On Wednesday, Jacksonville Mayor Lenny Curry pitched County Referendum 1 — which would authorize a half-cent sales tax extension to address the city’s $2.8 billion unfunded pension liability — to the Southside Business Men’s Club, where one of his most recurrent political opponents is a member.
After the March 2015 first election, when the endorsement of third-place Bill Bishop was still in play, Curry spoke to the SBMC, after sharing a lunch table with Bishop, a member of the club.
Days after that, Bishop endorsed Alvin Brown. And Curry said Bishop was trying to cut a deal in exchange for his endorsement. Meanwhile, Bishop’s campaign team was enlisted into Brown’s army of consultants.
Since Curry’s election, Bishop has been quiet on most city issues, though this month he and another Republican supporter of Brown, Stephen Joost, maligned the referendum as “taxation without representation.”
Curry played off the dissidence from the former council members, saying he didn’t “have time to psychoanalyze the motivations of two former politicians.”
However, the SBMC is a Bishop crowd (even though he didn’t show on this day) — and they were, before the program commenced, raising questions about the referendum during lunch conversations, saying it would be unwise to tax their grandchildren and great-grandchildren to pay off the current $2.8 billion unfunded liability.
Indeed, these are strange times: Democrats Denise Lee and Tommy Hazouri are selling the plan, even as state Rep. Mia Jones and Sen. Audrey Gibson have come out against it. Unions back the referendum. And many Republicans have questions.
“There’s been a handful of partisans who have opposed this,” Curry said toward the end of the event, but his team has assembled an “unprecedented coalition” of people with “vested interests” in this.
Curry noted that the last time he was here was “before the election” by way of introducing his remarks on “pension reform and the Aug. 30 referendum.”
The intro was familiar to those who have followed these events: a description of a tough budget process made tougher by the dysfunctional budgets of the previous years, with the happy ending of unanimous council adoption of that budget.
Curry noted he “delivered last year without a tax increase,” silencing critics, as he did with the media-disapproved changes on boards and commissions.
From there, he described the success of the upgrade of JEA’s credit situation after the board remodeling.
And then, Curry pivoted to “pension reform.”
“I campaigned on solving it … committed to diving in and solving it,” Curry said, and he knew that it had to be solved “now,” not in the second term.
Ignoring the issue, Curry said, would have been the “wrong thing to do,” a case bolstered by “the long list of no’s” in the budget currently being considered by the council.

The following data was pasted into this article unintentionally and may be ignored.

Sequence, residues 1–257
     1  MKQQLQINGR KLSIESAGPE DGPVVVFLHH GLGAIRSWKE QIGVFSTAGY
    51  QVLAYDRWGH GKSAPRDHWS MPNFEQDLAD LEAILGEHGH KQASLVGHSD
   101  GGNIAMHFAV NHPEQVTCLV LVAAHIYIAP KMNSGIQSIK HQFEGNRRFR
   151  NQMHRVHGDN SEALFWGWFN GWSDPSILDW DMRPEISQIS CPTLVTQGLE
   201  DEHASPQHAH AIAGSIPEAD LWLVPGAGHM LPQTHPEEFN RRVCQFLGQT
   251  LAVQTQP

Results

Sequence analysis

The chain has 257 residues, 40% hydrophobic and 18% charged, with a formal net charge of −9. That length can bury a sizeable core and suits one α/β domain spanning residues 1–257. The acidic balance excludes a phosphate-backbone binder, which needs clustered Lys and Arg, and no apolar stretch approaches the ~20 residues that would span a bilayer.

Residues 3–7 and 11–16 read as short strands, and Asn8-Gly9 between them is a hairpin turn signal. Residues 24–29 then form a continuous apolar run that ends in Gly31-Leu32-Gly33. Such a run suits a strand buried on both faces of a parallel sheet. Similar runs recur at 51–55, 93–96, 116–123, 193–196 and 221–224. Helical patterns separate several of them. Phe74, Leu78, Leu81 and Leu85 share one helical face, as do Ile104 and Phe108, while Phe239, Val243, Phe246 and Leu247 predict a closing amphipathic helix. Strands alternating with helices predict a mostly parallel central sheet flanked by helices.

Curry doesn’t want to be “Dr. No,” but given the allocation of tax dollars to pension costs, he’s been forced to curtail priorities.
Curry also addressed his “road to Detroit” contention, pilloried by the unnamed “critics,” noting “Detroit didn’t happen overnight,” but happened after ignoring the problem and then raising taxes, driving people out, and ending in a “bad place.”
The plan, Curry said, is “comprehensive,” to “take an existing half-penny sales tax, vote yes to keep that around, and fund the pensions.”
Collective bargaining would follow the referendum passing, which is another road to reform.
Back to the critics.
“Some say do nothing; that’s a dumb idea,” Curry said.
A sales tax that starts today? A non-starter in Tallahassee.
Millage hikes? Also a non-starter, and the money couldn’t be earmarked for pension costs.
Curry took questions, the first having to do with the unions balking at renegotiation.
“We have had conversations about how bumpy the road is going to be … there is going to be such an incentive for them to negotiate to get a deal done,” he told the group.
Curry said that if one of the three unions strikes a deal, there would be a “strong incentive” for the other two to bargain … a contention not universally shared.
As well, collective bargaining will happen in the sunshine every three years, allowing for adjustment to market realities.
Meanwhile, Curry said, a future infrastructure tax could be passed by the council, if the body wanted to replace the Better Jacksonville Plan down the road.
“Jacksonville has been under financial constraints for many years now, primarily because of the pensions,” Curry said.
“This will set our city up for a financially sound and stable future.”